Published January 13, 2015
A flurry of confirmed and reported talks among airlines may signal merger mania within the struggling industry, though analysts question whether consolidation is a sure — or even a good — thing.
UAL Corp.'s (UAUA) United Airlines and Continental Airlines Inc. (CAL) are exploring a possible combination, according to published reports late Tuesday. On Wednesday, AirTran Holdings Inc. (AAI) said it has made a $290 million stock and cash bid for Midwest Air Group Inc. (MEH), valuing the smaller airline at $11.25 per share, a 24 percent premium to its closing stock price Tuesday on the American Stock Exchange.
And Qantas Airways, Australia's flagship carrier, fended off a takeover bid led by an investment bank and two private-equity firms.
All this activity comes on the heels of the recent hostile $8.67 billion takeover bid that US Airways Group Inc. (LLC) made for Delta Air Lines Inc., whose top executive has rebuffed the offer.
The preliminary talks between United and Continental were reported late Tuesday by The Wall Street Journal and The New York Times, though no specifics were given and both papers cautioned that a deal was far from certain.
A United-Continental pairing could face significant obstacles, since Northwest Airlines Corp. may be able to stop it under a 2000 agreement with Continental.
In that pact between airlines allied in a code-share agreement, Northwest received a "golden share" of Continental — giving it the power to halt any potential acquisition of the Houston-based airline — in exchange for letting Continental buy back some of its stock that Northwest held.
But with U.S. airlines strongly interested in consolidation, it's possible that differences could be resolved in separate deals.
Airline consultant Michael Boyd said a United-Continental combination, or any other combination for that matter, would not be good for consumers, as it would reduce competition. He described any offer by United as an effort to make "fast money."
"Glenn Tilton has called everyone looking for a date," Boyd said, referring to United's chief executive. "He doesn't want to run an airline, he wants to merge it."
Indeed, Tilton on Tuesday spoke up again as a strong advocate of U.S. airline mergers, telling analysts in Chicago that consolidation is "good and overdue for the industry."
"We are not waiting for opportunities to come to us simply because we haven't identified to you which one works best," Tilton said at the conclusion of a 3 1/2-hour management presentation to more than 75 analysts.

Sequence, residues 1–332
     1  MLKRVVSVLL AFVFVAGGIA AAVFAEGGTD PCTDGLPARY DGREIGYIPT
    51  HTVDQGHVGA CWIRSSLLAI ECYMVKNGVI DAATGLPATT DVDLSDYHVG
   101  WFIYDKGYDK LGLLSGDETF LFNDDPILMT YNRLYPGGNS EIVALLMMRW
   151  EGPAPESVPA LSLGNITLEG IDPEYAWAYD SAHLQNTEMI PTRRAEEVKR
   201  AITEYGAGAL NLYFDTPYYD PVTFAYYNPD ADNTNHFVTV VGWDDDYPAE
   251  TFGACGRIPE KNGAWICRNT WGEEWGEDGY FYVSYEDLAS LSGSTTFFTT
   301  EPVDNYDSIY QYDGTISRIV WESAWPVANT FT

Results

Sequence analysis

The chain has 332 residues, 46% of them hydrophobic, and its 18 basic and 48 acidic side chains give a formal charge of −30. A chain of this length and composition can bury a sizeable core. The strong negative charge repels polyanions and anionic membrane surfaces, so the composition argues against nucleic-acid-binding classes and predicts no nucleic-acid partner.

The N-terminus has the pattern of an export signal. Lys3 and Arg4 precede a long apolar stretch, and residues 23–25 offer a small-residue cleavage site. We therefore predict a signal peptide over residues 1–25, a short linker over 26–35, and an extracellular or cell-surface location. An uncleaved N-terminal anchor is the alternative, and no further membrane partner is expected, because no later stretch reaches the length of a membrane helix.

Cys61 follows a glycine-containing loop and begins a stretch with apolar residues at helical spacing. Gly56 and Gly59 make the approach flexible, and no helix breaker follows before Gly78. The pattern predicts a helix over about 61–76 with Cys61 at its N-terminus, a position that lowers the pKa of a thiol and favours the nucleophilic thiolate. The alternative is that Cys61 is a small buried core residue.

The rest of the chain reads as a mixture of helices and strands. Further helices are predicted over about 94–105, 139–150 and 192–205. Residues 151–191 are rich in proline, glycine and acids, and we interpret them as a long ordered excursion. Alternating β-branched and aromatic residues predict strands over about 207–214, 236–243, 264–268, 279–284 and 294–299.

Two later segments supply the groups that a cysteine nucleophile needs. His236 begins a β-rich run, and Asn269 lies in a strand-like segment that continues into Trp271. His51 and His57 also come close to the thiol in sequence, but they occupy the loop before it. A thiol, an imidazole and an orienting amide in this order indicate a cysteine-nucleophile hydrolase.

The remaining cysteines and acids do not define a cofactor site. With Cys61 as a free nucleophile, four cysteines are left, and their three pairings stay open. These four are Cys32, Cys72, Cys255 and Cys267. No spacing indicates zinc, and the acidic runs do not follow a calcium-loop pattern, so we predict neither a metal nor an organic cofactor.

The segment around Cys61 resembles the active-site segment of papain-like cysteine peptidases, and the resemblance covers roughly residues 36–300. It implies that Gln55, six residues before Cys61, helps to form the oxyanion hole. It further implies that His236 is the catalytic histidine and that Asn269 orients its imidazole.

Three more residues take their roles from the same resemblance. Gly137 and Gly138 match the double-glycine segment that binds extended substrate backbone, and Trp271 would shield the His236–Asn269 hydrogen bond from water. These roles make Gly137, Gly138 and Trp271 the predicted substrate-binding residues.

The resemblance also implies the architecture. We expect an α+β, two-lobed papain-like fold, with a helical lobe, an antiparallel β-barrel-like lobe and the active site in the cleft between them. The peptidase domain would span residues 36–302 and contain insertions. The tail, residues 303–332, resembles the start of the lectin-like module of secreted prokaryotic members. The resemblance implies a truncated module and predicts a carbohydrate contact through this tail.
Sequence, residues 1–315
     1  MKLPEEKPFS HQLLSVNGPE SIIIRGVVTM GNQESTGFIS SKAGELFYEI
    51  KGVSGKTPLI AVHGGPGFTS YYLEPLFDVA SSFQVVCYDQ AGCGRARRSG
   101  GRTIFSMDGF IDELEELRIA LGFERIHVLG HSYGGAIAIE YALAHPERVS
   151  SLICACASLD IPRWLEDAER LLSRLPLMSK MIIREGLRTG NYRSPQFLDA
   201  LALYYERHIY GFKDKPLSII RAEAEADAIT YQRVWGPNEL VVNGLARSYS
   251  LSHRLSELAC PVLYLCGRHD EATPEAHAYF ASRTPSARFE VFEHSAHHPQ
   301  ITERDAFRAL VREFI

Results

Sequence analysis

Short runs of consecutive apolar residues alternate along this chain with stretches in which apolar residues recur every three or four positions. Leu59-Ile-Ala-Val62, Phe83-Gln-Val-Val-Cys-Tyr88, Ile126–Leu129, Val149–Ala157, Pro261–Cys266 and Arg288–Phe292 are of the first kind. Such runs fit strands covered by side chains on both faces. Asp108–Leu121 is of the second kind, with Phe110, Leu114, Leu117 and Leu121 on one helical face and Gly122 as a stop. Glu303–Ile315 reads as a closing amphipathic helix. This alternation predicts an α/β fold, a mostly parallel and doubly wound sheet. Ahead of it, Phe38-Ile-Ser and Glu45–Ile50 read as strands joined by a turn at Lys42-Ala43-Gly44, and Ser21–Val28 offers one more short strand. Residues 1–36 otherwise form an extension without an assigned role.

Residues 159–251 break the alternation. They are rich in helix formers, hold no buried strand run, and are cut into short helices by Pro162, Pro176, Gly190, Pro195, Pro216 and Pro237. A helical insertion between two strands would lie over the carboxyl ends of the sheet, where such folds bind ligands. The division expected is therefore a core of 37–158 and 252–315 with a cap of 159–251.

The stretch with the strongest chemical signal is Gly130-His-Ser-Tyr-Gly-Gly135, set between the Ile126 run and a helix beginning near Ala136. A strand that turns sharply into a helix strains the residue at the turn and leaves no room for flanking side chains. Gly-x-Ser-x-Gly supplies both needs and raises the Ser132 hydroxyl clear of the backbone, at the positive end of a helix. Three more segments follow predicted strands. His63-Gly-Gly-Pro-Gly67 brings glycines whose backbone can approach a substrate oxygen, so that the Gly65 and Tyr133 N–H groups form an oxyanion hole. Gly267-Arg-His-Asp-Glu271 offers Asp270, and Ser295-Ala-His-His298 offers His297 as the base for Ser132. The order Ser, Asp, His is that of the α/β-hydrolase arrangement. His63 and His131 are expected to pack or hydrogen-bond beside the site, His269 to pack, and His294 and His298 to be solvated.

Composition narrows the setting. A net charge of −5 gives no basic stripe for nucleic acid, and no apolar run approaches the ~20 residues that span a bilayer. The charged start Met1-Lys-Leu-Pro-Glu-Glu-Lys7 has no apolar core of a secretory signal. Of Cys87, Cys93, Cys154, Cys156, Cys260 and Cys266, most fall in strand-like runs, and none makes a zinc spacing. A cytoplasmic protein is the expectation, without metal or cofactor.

However, he declined to tip his hand about strategy or discuss any merger efforts under way involving his carrier. United declined to comment on the reports Tuesday night; a Continental spokesman did not immediately return a phone call seeking comment.
Tilton, among other industry officials, believe mergers would boost airlines through cost-cutting and increased revenues.
But Kevin Mitchell, the chairman of the Business Travel Coalition, said if such a "tsunami" of airline consolidation were to occur, the repercussions for fliers would be disastrous, in that fares would surely rise as competition waned.
"Other merger proposals would follow as sure as the sun rises in the east," he said. "What's more, these poential transactions represent a near-term fix to the industry's difficulties and do not address systemic profitability problems and root causes."
On Wednesday in Australia, Qantas Airways rejected a $8.6 billion takeover bid led by the country's largest investment bank and two North American private-equity firms.
The nonbinding proposal led by Australia's Macquarie Bank Ltd., U.S. private equity firm Texas Pacific Group and Canadian buy-out group Onex Corp. amounted to 5.50 Australian dollars ($4.33) per share, or 5 percent above Tuesday's closing price.
Analysts said a sweetened bid could sway Qantas' management to accept a buyout.
In its statement, Qantas said its "non-executive directors consider that the terms of the proposal are not acceptable" — a possible signal that not all Qantas executives are opposed to the deal.
"Without seeing the conditions, it is hard to see what those sticking points are, but I wouldn't read it as an outright rejection," said BT Funds Management's Troy Angus. "We think this is still just early stages. They haven't rejected the bid outright, they have just said that some of the terms are unacceptable."
While airlines have rebounded from the troughs they fell into just a few years ago, mainly by laying off workers and reducing operating costs, they still must battle the high cost of fuel. Many industry analysts and consultants believe consolidation would help in this environment, by enabling carriers to cut overlapping routes and reduce available seat capacity, making it easier to raise fares.
Others aren't so sure such combinations make sense, noting the industry's troubled history at getting cooperation from labor groups, not to mention the difficulties of bringing different fleets, maintenance schedules and cultures under one umbrella.
"You're dealing with a lot of emotion here that may not make sense in the light of day," Boyd said.